A Transportation Safety Board spokesperson said the investigation is still ongoing and they're in the process of drafting the final report.
After trying to land at the airline’s float base in Yellowknife Bay, the Twin Otter crashed onshore on McDonald Drive between two buildings on Sept. 22, 2011.
Pilot Trevor Jonasson, 36, and co-pilot Nicole Stacey, 26, were killed. All seven passengers survived.
A couple of days after the accident, the Transportation Safety Board took the plane to an undisclosed location to be studied. Damage to one building has since been repaired. A year later the only physical sign of the crash is a cross that reads "Fly safe Trevor."
Debbie Dowdy, who runs a bed and breakfast across the street from the crash site, said the events of the day are burned in her memory. The floor of her building shook and a waitress looked out the window and said there had been a crash.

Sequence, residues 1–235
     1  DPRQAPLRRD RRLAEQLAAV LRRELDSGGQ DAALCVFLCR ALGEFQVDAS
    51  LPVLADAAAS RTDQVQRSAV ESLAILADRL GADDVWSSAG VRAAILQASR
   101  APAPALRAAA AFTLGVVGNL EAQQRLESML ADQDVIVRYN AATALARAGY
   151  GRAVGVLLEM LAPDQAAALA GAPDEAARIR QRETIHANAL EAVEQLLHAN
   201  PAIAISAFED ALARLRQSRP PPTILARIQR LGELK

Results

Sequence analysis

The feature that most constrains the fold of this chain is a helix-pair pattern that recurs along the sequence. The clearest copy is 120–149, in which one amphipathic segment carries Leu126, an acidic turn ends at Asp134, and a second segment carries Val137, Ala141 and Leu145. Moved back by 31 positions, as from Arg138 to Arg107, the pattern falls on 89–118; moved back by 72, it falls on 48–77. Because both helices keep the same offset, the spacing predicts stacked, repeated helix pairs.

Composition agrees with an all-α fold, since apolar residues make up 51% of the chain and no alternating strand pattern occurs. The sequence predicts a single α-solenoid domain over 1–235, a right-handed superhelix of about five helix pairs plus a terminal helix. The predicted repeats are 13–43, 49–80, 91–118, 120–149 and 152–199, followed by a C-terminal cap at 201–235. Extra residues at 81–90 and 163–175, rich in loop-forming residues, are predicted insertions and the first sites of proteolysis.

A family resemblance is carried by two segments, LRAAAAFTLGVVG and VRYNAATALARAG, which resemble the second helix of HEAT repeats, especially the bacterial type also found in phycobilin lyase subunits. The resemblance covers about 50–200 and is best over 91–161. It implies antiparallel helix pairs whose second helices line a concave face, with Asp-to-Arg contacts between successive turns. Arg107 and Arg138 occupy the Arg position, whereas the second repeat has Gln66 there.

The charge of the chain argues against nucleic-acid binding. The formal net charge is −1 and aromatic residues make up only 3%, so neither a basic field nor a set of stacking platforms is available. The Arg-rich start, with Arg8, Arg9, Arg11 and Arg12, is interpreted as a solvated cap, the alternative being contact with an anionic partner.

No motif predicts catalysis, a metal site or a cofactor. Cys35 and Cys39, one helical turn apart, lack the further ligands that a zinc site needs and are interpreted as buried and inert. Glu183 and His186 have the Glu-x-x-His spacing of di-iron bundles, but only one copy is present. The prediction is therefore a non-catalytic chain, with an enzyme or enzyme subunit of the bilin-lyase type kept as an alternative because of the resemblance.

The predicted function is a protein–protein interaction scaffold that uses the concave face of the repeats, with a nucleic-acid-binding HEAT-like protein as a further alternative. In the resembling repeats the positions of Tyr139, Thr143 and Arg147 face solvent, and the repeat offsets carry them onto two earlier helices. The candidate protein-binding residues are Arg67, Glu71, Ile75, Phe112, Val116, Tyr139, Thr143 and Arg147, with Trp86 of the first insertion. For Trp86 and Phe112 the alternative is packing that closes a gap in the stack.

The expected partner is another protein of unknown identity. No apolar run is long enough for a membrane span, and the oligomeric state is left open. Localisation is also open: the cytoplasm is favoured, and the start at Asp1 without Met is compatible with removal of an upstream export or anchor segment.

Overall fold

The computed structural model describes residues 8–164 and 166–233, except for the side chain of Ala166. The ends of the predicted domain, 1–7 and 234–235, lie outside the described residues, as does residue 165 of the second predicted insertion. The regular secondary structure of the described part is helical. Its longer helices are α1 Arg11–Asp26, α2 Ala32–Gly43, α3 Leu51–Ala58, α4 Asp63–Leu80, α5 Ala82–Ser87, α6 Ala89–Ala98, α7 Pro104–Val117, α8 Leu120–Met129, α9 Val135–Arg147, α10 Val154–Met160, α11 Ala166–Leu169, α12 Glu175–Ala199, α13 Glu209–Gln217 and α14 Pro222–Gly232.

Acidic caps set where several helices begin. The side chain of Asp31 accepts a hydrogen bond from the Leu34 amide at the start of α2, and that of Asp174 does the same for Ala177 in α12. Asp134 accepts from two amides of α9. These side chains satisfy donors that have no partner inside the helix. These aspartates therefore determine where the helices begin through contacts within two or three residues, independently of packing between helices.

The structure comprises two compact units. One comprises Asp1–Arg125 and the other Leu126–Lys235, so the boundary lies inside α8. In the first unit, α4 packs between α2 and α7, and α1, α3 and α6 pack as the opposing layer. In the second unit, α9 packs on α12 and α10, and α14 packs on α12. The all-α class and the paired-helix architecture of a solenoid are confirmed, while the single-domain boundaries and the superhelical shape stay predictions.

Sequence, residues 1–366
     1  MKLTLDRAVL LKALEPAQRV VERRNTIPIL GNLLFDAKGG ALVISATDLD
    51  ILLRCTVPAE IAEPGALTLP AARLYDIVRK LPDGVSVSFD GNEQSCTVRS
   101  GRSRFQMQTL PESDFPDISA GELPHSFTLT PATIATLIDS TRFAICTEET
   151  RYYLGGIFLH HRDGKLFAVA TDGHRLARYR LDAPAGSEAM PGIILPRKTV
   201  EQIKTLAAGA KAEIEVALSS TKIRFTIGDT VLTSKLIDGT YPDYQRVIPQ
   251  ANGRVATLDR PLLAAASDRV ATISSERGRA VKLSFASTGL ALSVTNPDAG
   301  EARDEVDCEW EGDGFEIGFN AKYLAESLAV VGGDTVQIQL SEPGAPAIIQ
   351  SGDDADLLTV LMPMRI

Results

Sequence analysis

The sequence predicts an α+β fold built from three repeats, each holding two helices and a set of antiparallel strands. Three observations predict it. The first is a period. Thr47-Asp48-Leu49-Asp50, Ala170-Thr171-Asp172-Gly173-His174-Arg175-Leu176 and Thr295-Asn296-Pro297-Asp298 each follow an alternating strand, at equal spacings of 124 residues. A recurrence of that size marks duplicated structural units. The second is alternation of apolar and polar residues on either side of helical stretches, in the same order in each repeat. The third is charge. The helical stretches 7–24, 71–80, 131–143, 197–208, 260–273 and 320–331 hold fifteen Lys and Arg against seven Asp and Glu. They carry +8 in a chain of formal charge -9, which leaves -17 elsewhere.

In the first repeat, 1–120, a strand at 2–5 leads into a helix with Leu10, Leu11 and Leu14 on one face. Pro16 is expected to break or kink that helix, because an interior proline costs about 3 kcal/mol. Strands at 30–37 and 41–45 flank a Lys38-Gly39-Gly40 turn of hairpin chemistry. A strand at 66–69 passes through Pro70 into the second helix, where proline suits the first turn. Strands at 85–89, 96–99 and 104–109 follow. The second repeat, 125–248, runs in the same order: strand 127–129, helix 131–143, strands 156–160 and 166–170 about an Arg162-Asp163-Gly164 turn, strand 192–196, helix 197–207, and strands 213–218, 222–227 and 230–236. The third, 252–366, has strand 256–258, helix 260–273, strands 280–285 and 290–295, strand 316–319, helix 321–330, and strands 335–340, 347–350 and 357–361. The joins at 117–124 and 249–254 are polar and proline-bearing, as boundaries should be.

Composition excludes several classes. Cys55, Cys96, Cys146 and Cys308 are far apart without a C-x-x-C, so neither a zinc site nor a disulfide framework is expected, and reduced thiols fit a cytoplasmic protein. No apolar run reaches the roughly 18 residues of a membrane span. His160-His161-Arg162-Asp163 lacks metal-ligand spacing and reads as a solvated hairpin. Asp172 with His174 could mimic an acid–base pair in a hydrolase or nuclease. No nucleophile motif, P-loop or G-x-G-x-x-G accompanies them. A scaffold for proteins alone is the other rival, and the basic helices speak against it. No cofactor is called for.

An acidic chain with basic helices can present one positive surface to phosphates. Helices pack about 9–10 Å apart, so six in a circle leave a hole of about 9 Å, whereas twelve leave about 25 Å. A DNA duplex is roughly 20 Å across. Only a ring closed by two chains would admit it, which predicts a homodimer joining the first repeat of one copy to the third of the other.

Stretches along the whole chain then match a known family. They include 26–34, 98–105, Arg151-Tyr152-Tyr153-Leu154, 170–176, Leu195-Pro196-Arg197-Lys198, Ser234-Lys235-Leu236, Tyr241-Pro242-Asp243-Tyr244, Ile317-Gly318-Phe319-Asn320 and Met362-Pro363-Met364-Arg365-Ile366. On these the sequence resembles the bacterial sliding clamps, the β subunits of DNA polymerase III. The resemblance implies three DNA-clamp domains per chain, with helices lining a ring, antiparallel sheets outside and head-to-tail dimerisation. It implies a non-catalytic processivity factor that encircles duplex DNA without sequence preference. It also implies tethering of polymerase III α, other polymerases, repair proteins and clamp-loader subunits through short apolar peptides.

Dowdy grabbed blankets and sheets and ran across the road to survivors sitting on the curb.
“After I did everything that I could do I was just standing over here in the parking lot and I was just beside myself. Kind of in shock, you know. And I just thought to myself, God save them.”
It was the second of three fatal plane crashes in the North in a span of eight weeks last fall, after the crash of First Air 6560 in Resolute, Nunavut, Aug. 20 and followed by the crash of an Air Tindi Cessna near Lutselk’e, N.W.T., Oct. 4. All the crew members killed were based in Yellowknife.
"It was definitely very sombre,” Dowdy said. “You sort of put your arms up and you can't understand what's going on."
Tonight, friends and family of pilot Trevor Jonasson will gather at Pilots’ Monument in Old Town at dusk to light and release sky lanterns.
Nicole Stacey's family has asked people to light a candle and think of the joy she had during her short life.Suggest a correction